March 28, 2014
For immediate release
For retired pathologist, 26.2-mile bug came late
Larry Lieb reminds us it’s never too late to embrace the marathon.
The retired pathologist started training for his first marathon when he was 60. He finished that one and 13 others before getting an idea in his head to do something special after turning 80.
“I had my heart set on running a marathon when I was 80,” said Lieb, who went out and reached his goal Sunday by finishing the Modesto Marathon in 5 hours, 57 minutes and 38 seconds.
“It was very good. I did much better than I anticipated.”
Lieb, who lives in Carmichael with his wife Evie, overcame his share of adversity in completing his 15th marathon.
He missed several weeks of training after developing quadriceps tendinitis in September. He underwent physical therapy and developed a plan that threw conventional wisdom out the window.
Lieb went the undertraining route, averaging 12 ½ miles a week for his four-month buildup to Modesto. He did get in a 19-mile long run 18 days before the race, but did it at faster than his marathon pace, not slower.
On race day, he opted to alternate running for 1 ½ minutes and walking for 2 minutes for the first 20 miles, then running for one minute and walking for two minutes in the last 6.2 miles.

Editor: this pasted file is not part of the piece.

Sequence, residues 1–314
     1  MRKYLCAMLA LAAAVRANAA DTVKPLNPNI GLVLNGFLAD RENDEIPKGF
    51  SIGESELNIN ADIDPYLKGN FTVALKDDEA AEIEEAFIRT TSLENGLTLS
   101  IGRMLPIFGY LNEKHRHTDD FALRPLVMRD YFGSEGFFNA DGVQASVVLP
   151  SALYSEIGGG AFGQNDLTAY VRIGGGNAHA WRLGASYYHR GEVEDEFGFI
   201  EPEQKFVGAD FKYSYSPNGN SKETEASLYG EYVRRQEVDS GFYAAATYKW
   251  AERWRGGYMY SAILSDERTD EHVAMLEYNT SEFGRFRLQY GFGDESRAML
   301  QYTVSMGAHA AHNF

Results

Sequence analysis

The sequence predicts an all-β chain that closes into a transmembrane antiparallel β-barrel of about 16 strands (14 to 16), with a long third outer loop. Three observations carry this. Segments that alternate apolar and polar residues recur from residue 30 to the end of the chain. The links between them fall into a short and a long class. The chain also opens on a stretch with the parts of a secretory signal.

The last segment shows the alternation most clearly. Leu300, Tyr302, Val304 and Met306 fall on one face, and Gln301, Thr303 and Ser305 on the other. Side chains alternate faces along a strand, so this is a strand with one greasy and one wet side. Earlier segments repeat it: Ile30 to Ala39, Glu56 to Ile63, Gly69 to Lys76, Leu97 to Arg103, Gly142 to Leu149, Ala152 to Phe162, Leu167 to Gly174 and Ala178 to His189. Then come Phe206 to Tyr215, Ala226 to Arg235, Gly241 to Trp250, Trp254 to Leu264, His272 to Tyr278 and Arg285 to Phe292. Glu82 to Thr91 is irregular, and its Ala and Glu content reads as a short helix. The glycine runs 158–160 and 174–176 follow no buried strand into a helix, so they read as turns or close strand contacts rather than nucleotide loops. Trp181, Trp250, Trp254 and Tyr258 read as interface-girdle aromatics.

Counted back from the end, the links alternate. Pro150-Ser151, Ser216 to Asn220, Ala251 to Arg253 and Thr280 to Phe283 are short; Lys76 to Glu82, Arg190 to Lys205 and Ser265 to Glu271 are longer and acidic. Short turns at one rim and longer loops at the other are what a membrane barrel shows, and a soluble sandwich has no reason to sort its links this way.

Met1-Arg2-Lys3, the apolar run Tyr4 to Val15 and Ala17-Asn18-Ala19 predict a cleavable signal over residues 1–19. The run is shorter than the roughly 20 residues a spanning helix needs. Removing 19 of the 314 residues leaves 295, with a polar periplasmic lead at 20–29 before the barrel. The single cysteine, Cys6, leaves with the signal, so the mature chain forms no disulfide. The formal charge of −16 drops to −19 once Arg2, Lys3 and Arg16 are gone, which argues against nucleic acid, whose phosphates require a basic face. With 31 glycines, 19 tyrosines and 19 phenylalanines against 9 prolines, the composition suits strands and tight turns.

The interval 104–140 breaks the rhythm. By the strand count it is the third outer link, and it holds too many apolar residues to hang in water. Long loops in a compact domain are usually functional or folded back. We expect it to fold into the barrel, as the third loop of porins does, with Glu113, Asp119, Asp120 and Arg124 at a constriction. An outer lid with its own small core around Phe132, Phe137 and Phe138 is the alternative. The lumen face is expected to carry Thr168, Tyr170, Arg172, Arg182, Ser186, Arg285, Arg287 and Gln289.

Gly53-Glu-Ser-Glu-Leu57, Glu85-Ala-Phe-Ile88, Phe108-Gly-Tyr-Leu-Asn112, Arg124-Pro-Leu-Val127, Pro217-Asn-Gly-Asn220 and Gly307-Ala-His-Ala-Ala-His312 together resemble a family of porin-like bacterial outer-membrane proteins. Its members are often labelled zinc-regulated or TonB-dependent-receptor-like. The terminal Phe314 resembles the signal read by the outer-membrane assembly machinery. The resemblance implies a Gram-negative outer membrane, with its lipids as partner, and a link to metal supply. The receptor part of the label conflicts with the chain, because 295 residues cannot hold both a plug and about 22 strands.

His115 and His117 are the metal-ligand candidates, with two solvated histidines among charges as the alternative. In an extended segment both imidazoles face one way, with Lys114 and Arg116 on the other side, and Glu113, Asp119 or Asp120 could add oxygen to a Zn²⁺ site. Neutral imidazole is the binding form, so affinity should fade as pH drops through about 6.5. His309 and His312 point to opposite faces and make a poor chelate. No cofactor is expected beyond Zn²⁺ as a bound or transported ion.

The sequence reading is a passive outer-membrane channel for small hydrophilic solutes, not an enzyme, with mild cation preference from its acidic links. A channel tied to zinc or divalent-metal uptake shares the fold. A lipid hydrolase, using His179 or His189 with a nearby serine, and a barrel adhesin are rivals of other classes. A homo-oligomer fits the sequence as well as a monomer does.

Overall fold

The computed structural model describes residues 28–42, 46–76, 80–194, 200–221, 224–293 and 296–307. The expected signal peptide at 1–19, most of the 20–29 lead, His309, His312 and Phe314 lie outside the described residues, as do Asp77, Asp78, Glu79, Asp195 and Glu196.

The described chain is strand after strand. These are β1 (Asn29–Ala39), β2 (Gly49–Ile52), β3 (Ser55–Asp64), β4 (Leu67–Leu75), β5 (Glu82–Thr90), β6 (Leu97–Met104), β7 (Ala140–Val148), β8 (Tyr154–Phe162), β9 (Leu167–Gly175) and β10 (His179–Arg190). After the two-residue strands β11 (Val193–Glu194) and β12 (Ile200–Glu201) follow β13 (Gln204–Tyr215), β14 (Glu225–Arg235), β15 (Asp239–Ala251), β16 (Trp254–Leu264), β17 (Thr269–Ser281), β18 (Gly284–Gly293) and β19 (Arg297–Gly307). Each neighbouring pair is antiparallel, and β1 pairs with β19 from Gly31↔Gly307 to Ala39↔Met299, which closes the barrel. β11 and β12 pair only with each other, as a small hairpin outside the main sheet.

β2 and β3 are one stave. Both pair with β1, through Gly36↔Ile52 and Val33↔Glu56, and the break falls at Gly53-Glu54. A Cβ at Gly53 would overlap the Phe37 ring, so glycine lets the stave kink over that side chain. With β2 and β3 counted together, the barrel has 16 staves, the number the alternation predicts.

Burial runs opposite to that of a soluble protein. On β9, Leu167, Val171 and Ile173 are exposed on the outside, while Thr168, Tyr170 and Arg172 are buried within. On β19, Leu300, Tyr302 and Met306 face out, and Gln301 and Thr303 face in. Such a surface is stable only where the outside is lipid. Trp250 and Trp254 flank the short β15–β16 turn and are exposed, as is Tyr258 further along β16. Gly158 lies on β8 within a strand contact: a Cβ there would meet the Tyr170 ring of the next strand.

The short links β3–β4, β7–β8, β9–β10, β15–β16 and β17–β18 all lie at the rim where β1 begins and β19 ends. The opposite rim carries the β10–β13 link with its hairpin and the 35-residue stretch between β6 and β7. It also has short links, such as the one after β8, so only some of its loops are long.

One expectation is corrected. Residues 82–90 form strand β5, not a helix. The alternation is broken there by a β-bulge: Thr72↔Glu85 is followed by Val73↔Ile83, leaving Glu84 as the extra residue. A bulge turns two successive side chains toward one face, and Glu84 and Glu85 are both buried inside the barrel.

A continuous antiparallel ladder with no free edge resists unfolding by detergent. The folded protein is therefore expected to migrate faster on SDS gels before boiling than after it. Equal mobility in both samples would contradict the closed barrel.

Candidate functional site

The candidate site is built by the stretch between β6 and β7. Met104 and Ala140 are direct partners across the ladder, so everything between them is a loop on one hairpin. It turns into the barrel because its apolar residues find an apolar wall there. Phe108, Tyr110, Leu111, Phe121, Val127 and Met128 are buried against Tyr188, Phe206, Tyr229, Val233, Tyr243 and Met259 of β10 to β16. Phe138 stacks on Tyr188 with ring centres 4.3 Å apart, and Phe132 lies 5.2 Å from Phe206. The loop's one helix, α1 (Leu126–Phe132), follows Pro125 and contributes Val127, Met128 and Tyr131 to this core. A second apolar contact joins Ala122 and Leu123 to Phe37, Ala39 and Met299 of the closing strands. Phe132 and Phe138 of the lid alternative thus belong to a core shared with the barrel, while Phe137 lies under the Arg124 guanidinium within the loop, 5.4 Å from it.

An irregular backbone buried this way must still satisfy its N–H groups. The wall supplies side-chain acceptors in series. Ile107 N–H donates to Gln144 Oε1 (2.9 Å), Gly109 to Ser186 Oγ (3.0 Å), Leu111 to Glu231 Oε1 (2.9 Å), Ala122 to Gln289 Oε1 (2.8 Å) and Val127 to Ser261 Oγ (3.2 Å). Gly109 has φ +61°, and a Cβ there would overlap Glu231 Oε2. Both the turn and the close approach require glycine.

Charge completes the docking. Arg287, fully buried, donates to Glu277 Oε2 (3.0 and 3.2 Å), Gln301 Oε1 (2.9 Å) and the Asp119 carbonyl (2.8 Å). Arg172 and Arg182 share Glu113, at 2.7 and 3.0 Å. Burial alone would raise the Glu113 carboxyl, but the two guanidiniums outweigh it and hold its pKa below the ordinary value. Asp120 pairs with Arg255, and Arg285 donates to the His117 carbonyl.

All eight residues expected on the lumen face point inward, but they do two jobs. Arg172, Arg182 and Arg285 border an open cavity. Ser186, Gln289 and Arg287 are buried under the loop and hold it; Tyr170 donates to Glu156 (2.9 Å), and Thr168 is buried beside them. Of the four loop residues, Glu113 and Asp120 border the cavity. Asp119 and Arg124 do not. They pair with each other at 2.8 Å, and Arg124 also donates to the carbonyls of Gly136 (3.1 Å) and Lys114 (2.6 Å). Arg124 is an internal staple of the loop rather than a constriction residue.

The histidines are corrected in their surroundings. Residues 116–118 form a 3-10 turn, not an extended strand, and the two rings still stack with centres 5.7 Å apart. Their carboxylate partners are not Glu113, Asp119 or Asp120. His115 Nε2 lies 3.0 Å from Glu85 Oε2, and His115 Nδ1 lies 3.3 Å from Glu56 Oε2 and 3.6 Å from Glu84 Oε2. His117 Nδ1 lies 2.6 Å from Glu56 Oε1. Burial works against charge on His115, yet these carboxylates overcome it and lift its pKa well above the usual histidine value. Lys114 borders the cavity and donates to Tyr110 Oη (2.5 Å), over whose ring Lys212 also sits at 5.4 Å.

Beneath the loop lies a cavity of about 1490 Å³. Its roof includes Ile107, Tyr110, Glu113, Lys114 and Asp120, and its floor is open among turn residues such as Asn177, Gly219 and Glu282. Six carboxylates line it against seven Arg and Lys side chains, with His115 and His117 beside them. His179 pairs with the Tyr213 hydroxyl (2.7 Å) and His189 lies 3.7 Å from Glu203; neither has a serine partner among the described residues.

“My main satisfaction out of the whole process is I really kind of came up with a plan,” Lieb said. “I just found that plan worked for me.
“The walking, the running, I just did not get tired. I could have kept going.”
Lieb has also completed a handful of ultra races, including two 50-mile events.
Evie has planted three trees in the American River Parkway to honor her husband’s long-distance runs.
Lieb, who directed laboratories at Mercy San Juan and Mercy Folsom hospitals, serves on the board of directors as treasurer of the Sacramento Running Association, which puts on the California International Marathon.
He’s finished 13 CIMs, owns a personal best of 4:55:49 and plans to run the race again in December.
Why stop now?
“I’m looking forward to the next one,” he said.
Lieb figures running has kept him healthy. He carries 121 pounds on his 5-foot, 7-inch frame, a far cry from the 198 pounds he weighed two years after getting married in 1960.
“I was the fat little kid who loved sports,” he said. “I had no hand-eye coordination … That’s why I love running. You just need to work at it.”
No matter how young you are.